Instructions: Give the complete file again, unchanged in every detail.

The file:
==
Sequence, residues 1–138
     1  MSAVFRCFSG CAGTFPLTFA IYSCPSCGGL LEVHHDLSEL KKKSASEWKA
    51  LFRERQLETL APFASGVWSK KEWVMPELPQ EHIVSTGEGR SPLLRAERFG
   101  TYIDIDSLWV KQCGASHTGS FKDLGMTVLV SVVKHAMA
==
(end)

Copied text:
Sequence, residues 1–138
     1  MSAVFRCFSG CAGTFPLTFA IYSCPSCGGL LEVHHDLSEL KKKSASEWKA
    51  LFRERQLETL APFASGVWSK KEWVMPELPQ EHIVSTGEGR SPLLRAERFG
   101  TYIDIDSLWV KQCGASHTGS FKDLGMTVLV SVVKHAMA